Writing an Observation                    
What Makes a Good Observation?
Visual Observations
Reading Observations
Kellie Schmitt, The Old Man Isn’t There Anymore
Gwendolyn Oxenham, Pelada
John Muir, Interview with the Bear
Ansel Adams, Photographs of Japanese-Americans at Manzanar
National Park Service, Yellowstone’s Geothermal Resources
 How to Write an Observation
STUDENT EXAMPLE (APA Style)
Sarah Cuellar, Playing in Traffic: How Parallel Play Helps Preschool Children "Merge" into Group Play
Projects

8. Informative Essays and Visuals
Reporting Information                    
What Makes Good Informative Writing?
Informative Visuals
Reading Informative Writing
            Katherine Mangan, Is Faster Always Better?
    Kheehong Song and Allison Cui, Understanding China’s Middle Class
    Shane D. Johnson, Aiden Sitebottom, and Adam Thorpe, Bicycle Theft
    National Aeronautics and Space Administration, The Current and Future Consequences of Climate Change
    US Department of Agriculture, MyPlate Brochure
    John Mitchell, A map of the British and French dominions in North America,
         1755
How to Write to Inform
STUDENT EXAMPLE
Lakshmi Kotra, The Life Cycle of Stars
Projects

9. Rhetorical, Visual, and Literary Analyses
Writing an Analysis                    
Writing a Rhetorical Analysis
Writing a Visual Analysis
Writing a Literary Analysis
Reading Analyses
Tim Collins, Straight from the Heart
David T. Z. Mindich, The Collapse of Big Media: The Young and the Restless
Frank Gehry, The Ray and Maria Stata Center, Massachusetts Institute of     Technology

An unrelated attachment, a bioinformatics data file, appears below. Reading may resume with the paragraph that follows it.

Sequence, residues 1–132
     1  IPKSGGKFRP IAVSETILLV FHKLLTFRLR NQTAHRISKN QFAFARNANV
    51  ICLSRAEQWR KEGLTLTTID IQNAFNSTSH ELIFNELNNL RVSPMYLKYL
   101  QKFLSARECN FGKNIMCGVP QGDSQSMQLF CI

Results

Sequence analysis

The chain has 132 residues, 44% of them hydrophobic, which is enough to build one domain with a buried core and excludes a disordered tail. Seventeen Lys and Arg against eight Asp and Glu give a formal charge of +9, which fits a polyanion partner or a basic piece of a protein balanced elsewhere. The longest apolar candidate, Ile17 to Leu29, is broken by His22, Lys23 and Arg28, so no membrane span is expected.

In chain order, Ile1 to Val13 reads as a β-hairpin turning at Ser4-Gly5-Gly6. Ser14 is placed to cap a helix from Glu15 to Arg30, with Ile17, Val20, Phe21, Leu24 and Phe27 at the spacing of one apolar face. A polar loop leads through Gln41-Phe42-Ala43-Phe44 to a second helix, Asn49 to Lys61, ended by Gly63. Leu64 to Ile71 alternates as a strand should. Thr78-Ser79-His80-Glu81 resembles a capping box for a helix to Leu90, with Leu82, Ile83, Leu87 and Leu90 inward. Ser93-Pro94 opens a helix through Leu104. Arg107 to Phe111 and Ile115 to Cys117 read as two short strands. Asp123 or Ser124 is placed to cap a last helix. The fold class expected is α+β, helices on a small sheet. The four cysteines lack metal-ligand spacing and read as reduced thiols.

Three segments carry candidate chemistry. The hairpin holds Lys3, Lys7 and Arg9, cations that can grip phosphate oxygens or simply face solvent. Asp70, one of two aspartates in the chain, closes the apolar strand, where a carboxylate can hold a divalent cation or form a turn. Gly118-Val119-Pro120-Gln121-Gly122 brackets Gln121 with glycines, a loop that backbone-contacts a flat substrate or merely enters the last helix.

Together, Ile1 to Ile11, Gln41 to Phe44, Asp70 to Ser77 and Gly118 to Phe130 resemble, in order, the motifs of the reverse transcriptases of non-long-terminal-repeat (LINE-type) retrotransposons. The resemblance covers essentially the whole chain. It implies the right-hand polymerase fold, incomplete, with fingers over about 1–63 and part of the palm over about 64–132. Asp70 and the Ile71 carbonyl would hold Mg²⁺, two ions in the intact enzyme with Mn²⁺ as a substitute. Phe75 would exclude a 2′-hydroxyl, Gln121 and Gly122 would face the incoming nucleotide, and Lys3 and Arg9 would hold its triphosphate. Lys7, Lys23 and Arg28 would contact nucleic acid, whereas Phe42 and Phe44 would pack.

Kate Chopin, The Story of an Hour
    Dagoberto Gilb, Love in LA
Student Literary Analysis: Quandre Brown, Fender-bender Romance in Dagoberto Gilb’s “Love in L.A.”
How to Write an Analysis
STUDENT EXAMPLE
    Chris Gonzalez, Russell Lee’s Pie Town Photographs
Writing Arguments

10. Causal Arguments
Writing a Causal Argument                        
What Makes a Good Causal Argument?
Visual Causal Arguments
Reading Causal Arguments
Laura Fraser, The French Paradox
Emily Raine, Why Should I Be Nice To You? Coffee Shops and the Politics of
 Good Service
Kay S. Hymowitz, The New Girl Order
Tom Vanderbilt, Why I Became a Late Merger (and Why You Should Too)
How to Write a Causal Argument
STUDENT EXAMPLE
Armandi Tansel, Modern Warfare: Video Games’ Link to Real-World Violence
Projects

11. Evaluation Arguments
Writing an Evaluation Argument                        
What Makes a Good Evaluation Argument?
Visual Evaluations
Reading Evaluations
Bill McKibben, The Only Way to Have a Cow
Rachel Laudan, In Praise of Fast Food
Katharine Mieszkowski, We Paved Paradise
How to Write an Evaluation
STUDENT EXAMPLE
Jenna Picchi, Organic Foods Should Come Clean
Projects

12. Position Arguments
Writing a Position Argument                         
What Makes a Good Position Argument?
Visual Position Arguments
Reading Position Arguments
Ted Koppel, Take My Privacy, Please!
Frederick Douglass, What to the Slave Is the Fourth of July?
    Michael Pollan, Eat Food, Food Defined
Jeff Speck, The Walkability Dividend
    James Paul Gee, Games, Not Schools, Are Teaching Kids to Think
     “Are You Pouring on the Pounds?”, Food Cops Bust Cookie Monster
How to Write a Position Argument
STUDENT EXAMPLE (MLA Style)
Patrice Conley, Flagrant Foul: The NCAA’s Definition of Student Athletes as Amateurs
Projects

13. Proposal Arguments
Writing a Proposal Argument
What Makes a Good Proposal Argument?
Visual Proposals
Reading Proposal Arguments
Thomas Jefferson, The Declaration of Independence
Sunni Brown, The Doodle Revolutionary’s Manifesto
Glenn Loury, A Nation of Jailers
Peter W. Huber, Bound to Burn